[0005] Another attempt for a bow sight and range finder is described in U.S. Pat. No. 3,666,368 issued to Sprandel. The Sprandel patent consists of an attachment having a vertical slide on which two horizontal sight bars are attached. When moved in spaced relation, the archer is able to sight the target between them. A pivoted finger piece on the slide is manually manipulated to vertically adjust the sight bars. These two examples must be manually adjusted while the bow is held on target. In the case of drawing on game animals, there might not be enough time to accomplish this before the animal spooks.

[0006] Another attempt to provide range/sight assistance is U.S. Pat. No. 4,580,349 issued to Webb. The Webb patent consists of a pendulum member affixed to the frame to which the sight pins are attached and a bent pendulum needle pointing at marks on a range bar. The problem with this particular patent is that the pointer cannot be adjusted and the range bar hides the sight pins and blocks the archer's field of view.

[0007] Still another attempt to provide range/sight assistance is U.S. Pat. No.4,616,422 issued to Gaddy. Gaddy shows a counter-weighted wheel with an adjustable sight pin, which is employed with a conventional sighting system. When hunting from an elevated position, the sight pin on the counter-weighted wheel is lined up with existing sight pins for the shot. The potential problems with this system is if the target was not at an exact 20,30,40 yards, i.e. 35 yards, then the sight on the wheel and the stationary sight might not line up. Also if the archer is shooting from a level position then the sight on the wheel is dangling in front of the stationary sight pins possibly distracting the archer from making a good shot.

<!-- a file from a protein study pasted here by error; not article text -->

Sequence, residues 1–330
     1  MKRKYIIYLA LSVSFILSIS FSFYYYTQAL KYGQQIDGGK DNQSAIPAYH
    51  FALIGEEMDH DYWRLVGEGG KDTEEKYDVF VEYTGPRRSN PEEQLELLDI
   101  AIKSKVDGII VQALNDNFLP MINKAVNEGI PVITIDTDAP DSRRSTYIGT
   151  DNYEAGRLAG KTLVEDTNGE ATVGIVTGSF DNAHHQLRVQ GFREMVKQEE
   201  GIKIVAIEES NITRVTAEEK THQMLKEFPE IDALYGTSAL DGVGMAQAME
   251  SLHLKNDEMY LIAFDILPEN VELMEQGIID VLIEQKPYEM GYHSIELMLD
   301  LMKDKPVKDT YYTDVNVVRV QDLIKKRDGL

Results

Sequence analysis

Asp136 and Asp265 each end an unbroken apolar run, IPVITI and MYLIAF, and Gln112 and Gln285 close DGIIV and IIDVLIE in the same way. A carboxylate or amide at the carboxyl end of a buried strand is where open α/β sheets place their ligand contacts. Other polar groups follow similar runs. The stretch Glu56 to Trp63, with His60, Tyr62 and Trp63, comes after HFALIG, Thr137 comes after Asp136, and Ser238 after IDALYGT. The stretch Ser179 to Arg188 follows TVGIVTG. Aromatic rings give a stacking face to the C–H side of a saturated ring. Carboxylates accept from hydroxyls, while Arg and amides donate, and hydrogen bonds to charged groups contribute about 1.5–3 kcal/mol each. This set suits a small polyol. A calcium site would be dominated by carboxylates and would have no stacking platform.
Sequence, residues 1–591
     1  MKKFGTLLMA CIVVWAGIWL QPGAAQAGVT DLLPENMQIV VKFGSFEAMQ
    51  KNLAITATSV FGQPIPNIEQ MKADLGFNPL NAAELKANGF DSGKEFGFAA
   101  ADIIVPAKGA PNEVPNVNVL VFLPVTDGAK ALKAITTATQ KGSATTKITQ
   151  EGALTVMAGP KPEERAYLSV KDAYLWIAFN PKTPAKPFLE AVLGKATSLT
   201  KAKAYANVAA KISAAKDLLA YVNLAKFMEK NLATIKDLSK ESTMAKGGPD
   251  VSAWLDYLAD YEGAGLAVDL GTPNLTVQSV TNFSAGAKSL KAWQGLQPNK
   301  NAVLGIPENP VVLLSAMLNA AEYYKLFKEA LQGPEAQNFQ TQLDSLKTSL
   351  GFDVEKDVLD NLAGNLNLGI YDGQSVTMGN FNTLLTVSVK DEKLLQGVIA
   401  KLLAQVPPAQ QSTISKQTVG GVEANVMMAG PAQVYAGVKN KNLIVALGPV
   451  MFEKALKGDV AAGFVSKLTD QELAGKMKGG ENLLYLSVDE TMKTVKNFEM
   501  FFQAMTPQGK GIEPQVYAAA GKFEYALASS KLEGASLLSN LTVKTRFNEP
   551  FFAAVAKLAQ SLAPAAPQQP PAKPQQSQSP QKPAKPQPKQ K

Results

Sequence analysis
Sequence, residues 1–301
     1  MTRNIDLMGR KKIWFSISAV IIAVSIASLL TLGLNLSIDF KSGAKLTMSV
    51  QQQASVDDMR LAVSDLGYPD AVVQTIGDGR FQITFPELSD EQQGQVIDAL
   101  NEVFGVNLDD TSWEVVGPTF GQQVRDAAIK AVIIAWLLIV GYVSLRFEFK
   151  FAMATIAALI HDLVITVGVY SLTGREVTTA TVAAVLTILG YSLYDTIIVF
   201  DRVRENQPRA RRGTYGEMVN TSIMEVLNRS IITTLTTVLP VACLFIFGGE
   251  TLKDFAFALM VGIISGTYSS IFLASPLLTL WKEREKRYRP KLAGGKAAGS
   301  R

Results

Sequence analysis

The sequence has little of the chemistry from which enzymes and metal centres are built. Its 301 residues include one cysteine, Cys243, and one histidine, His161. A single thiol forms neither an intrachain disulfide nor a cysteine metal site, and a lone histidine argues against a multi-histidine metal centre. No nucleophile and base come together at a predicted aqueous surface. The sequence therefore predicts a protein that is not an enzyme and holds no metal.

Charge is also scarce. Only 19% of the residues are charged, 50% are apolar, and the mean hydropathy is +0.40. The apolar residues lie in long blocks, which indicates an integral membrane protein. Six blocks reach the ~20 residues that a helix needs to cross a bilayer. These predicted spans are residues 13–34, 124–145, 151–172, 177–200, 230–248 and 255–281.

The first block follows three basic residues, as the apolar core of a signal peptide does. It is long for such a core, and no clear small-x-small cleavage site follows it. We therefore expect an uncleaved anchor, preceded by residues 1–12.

[0008] FIG. 1 is a perspective view of the distance indicator according to the present invention.

[0009] FIG. 2 is a top view illustrating one example of how the adjustable pointer could be affixed to the distance indicator.

[0010] FIG. 3 is a three-dimensional view of the distance indicator (not to scale) mounted into a sight guard.


[0011] As shown in FIGS. 1 and 2 the distance indicator comprises a gravity operated counter-weighted wheel 1 that is attached to a sight pin guard 3 by means of a solid axle 2 and a adjustable pointer 5. This embodiment is illustrated in various views, where like reference numerals denote like parts or features throughout the different views.

[0012] The counter-weighted wheel 1 rotates freely on the solid axle 2 by means of a bearing, bushing or machined surface 4 inside the counter-weighted wheel 1. The counter-weighted wheel 1 will receive marks 6 of predetermined spacing that will be used to determine given distances as the counter-weighted wheel 1 rotates due to changes in declination.

[0013] An adjustable pointer 5 is attached to the sight pin guard 3 by means of a slot, dovetail groove or raised track so that the pointer 5 can slide freely. The pointer 5 can be adjusted by the user and then fixed by means of a setscrew 8 to define the point of range established by the user.